FRANKFURT (Reuters) - Innogy, Germany’s biggest energy company, has set up a subsidiary in the U.S. state of California offering charging points for electric vehicles in competition with the top network ChargePoint.
The subsidiary, called Innogy E-Mobility US LLC, will make, market and operate the charge points, the German company, which was spun off from RWE last year, said in a statement.
Despite attempts by regulators to push car manufacturers to sell more electric cars to curb greenhouse gas emissions, the vehicles face challenges from low gasoline prices, high battery costs and uncertain investment in recharging infrastructure.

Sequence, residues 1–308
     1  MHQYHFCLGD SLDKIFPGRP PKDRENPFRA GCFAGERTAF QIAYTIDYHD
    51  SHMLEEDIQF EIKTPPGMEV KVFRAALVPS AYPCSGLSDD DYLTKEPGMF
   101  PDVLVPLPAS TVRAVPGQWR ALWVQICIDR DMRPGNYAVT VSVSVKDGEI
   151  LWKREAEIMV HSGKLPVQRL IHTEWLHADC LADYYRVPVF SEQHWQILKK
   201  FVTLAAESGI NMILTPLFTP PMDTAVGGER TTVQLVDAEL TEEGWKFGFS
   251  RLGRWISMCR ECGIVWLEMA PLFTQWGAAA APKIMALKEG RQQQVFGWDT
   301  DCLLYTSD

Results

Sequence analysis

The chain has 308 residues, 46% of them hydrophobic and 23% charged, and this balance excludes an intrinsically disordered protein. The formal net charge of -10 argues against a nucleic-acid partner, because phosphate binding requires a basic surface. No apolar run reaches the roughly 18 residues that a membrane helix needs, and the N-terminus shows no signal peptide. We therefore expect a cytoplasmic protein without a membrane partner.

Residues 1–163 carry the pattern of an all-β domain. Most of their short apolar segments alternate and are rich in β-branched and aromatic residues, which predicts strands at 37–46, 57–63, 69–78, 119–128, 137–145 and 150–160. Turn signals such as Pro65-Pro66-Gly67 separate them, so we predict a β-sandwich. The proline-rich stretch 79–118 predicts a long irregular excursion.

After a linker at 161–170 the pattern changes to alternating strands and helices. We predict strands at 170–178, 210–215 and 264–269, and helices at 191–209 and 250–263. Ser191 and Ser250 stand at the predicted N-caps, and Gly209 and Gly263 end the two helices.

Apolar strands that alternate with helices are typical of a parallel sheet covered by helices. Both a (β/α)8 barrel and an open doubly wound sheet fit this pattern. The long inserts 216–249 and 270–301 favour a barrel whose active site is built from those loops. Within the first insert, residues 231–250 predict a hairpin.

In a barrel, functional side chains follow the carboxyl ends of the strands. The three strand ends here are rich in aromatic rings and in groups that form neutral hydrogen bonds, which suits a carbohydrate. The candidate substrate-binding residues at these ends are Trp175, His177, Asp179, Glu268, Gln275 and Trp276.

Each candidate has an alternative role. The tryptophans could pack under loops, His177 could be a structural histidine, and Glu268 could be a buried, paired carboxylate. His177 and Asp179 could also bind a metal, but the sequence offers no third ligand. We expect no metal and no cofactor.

Innogy has been doing research into electric vehicles with the University of California in San Diego since 2015 and last month announced a project combining charging points made by U.S.-based BTCpower with its own software.
Innogy, the largest Germany energy firm by market value, has about 5,700 electric vehicle charging points and says it is one of the leading operators of car charging infrastructure in Europe.
ChargePoint, the world’s largest network of electric vehicle charging systems with more than 38,000 points across North America, has also been pushing into Europe.
Last month, it secured $43 million in financing led by Siemens, which will collaborate with it on the development of charging stations in Europe.
Reporting by Maria Sheahan; editing by David Clarke
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